Vladimir Putin's milestone 60th birthday has been greeted with a mixture of derision and adulation by citizens across Russia.
Some repeated their call for the President to resign while others lavished the lionised leader with unbridled praise by climbing mountains and unfurling flattering portraits.
In the North Ossetia region, climbers scaled a 4,150m mountain and put a large picture of the country's powerful leader at the top – the start of their quest to have it officially renamed 'Peak Putin'.
The Young Guard, the youth wing of the ruling United Russia party, published a fawning video in which attractive young women were seen emulating typical Putin pursuits, like horse riding and diving.
A recent Levada centre poll found that 20% of Russian women would marry him.
The town of Vladimir changed its name to reflect Mr Putin's patronymic, becoming Vladimir Vladimirovich, which now adorns all of its street signs.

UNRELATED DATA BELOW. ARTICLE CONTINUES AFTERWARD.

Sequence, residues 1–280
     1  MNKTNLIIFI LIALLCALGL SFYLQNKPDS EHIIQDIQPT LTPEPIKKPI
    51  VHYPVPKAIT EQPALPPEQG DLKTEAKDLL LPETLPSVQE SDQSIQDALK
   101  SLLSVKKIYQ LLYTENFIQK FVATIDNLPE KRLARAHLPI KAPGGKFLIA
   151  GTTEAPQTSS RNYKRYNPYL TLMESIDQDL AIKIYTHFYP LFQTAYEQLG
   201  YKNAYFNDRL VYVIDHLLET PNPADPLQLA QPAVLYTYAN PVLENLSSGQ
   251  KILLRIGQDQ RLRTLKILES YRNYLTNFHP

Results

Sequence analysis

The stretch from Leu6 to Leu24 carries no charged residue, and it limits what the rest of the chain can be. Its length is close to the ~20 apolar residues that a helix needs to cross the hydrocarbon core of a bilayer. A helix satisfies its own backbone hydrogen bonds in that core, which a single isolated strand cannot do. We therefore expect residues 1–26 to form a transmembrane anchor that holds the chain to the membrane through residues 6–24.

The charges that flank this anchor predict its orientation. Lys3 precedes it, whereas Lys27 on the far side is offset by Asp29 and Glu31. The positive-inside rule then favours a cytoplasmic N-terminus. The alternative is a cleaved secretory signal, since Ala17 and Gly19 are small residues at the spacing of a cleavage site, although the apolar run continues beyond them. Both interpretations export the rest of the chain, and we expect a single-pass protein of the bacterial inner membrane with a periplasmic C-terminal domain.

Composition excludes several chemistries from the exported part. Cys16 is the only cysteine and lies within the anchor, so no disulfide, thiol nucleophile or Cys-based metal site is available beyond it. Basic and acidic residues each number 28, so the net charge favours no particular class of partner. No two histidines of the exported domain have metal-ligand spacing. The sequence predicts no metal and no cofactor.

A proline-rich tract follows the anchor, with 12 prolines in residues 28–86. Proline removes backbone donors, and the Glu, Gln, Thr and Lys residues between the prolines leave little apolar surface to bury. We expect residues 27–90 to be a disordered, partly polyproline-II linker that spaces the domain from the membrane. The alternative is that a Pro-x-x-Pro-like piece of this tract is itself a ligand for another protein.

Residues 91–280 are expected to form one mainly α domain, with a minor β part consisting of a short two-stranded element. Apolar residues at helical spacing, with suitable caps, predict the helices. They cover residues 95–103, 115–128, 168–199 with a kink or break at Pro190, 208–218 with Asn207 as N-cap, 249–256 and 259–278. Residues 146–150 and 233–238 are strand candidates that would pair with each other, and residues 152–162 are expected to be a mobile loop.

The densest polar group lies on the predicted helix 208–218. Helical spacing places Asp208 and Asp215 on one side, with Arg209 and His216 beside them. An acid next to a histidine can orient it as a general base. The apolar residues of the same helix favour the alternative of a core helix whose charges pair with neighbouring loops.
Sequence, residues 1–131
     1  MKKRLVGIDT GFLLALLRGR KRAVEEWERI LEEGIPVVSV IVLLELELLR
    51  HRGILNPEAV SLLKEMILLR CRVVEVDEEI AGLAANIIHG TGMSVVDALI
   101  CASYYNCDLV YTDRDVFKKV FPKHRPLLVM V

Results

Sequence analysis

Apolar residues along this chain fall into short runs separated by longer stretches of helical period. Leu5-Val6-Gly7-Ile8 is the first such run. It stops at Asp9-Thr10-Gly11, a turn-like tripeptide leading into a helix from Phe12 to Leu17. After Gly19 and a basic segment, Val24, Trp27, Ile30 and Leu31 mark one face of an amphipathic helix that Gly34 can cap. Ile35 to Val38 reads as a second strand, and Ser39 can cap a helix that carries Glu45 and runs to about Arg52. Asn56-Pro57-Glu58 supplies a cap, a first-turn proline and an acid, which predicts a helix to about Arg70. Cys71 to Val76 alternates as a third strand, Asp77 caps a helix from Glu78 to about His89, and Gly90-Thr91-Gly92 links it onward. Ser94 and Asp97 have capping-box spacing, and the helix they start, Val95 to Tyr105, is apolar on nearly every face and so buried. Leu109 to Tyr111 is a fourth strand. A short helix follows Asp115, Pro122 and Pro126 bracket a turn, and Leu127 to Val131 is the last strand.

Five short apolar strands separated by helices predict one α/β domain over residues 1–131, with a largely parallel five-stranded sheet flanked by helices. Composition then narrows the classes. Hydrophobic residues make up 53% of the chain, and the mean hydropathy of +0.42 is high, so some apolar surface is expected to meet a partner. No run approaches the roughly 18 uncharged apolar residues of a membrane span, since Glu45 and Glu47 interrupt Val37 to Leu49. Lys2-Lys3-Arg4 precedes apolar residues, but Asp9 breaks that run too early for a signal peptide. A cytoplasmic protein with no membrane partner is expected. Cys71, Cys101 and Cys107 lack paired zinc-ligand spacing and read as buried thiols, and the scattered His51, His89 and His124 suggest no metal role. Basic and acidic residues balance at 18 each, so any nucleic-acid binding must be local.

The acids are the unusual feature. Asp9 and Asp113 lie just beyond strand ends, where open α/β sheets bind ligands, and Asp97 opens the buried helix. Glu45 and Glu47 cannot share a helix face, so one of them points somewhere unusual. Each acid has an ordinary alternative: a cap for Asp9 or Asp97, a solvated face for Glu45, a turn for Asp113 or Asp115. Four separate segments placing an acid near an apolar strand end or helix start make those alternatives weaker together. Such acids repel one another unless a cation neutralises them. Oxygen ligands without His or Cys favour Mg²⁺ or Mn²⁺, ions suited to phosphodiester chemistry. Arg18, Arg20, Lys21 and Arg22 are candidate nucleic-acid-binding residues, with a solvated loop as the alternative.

But not everyone was in the mood to celebrate. Protesters were keener to highlight his age, which now entitles him to collect a pension.
One gathering, called 'Lead Grandad to Retirement', involved 150 people angry at his continued rule, brandishing pipes and slippers.
Events to idolise the action man President were not officially sponsored by the state which has recently tried to downplay his personality cult. The Kremlin says he celebrated privately with friends and family.
State-run channel NTV chose Mr Putin's big day to broadcast a flattering documentary in which he said punk feminists Pussy Riot deserved to be sent to jail.
"It was right to arrest them, and it was right that the court took the decision that it did.
"My first reaction was to ask believers to forgive them, I thought it would end at that," the president said, before adding: "The trial slapped a little two years on them."
Pussy Riot gave a sarcastic reaction to his comments on Twitter saying: "It's important to say tender words on a person's birthday. Putin told our members about the 'little two years'."